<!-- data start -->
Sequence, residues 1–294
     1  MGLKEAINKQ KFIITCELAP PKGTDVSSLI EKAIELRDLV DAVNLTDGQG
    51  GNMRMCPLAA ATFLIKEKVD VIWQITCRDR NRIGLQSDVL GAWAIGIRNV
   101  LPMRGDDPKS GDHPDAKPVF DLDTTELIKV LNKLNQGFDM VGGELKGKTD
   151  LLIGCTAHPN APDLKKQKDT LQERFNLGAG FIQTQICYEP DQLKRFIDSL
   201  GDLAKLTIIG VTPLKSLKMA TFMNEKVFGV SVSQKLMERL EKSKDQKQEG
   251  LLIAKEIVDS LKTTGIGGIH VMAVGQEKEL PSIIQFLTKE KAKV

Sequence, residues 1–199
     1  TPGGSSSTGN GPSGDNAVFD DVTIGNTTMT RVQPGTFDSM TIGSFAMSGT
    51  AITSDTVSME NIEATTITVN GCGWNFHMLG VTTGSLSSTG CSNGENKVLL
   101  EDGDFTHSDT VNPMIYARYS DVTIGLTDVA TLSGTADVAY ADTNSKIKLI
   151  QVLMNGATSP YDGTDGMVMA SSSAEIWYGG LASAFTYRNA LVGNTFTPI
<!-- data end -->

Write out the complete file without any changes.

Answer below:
Sequence, residues 1–294
     1  MGLKEAINKQ KFIITCELAP PKGTDVSSLI EKAIELRDLV DAVNLTDGQG
    51  GNMRMCPLAA ATFLIKEKVD VIWQITCRDR NRIGLQSDVL GAWAIGIRNV
   101  LPMRGDDPKS GDHPDAKPVF DLDTTELIKV LNKLNQGFDM VGGELKGKTD
   151  LLIGCTAHPN APDLKKQKDT LQERFNLGAG FIQTQICYEP DQLKRFIDSL
   201  GDLAKLTIIG VTPLKSLKMA TFMNEKVFGV SVSQKLMERL EKSKDQKQEG
   251  LLIAKEIVDS LKTTGIGGIH VMAVGQEKEL PSIIQFLTKE KAKV

Sequence, residues 1–199
     1  TPGGSSSTGN GPSGDNAVFD DVTIGNTTMT RVQPGTFDSM TIGSFAMSGT
    51  AITSDTVSME NIEATTITVN GCGWNFHMLG VTTGSLSSTG CSNGENKVLL
   101  EDGDFTHSDT VNPMIYARYS DVTIGLTDVA TLSGTADVAY ADTNSKIKLI
   151  QVLMNGATSP YDGTDGMVMA SSSAEIWYGG LASAFTYRNA LVGNTFTPI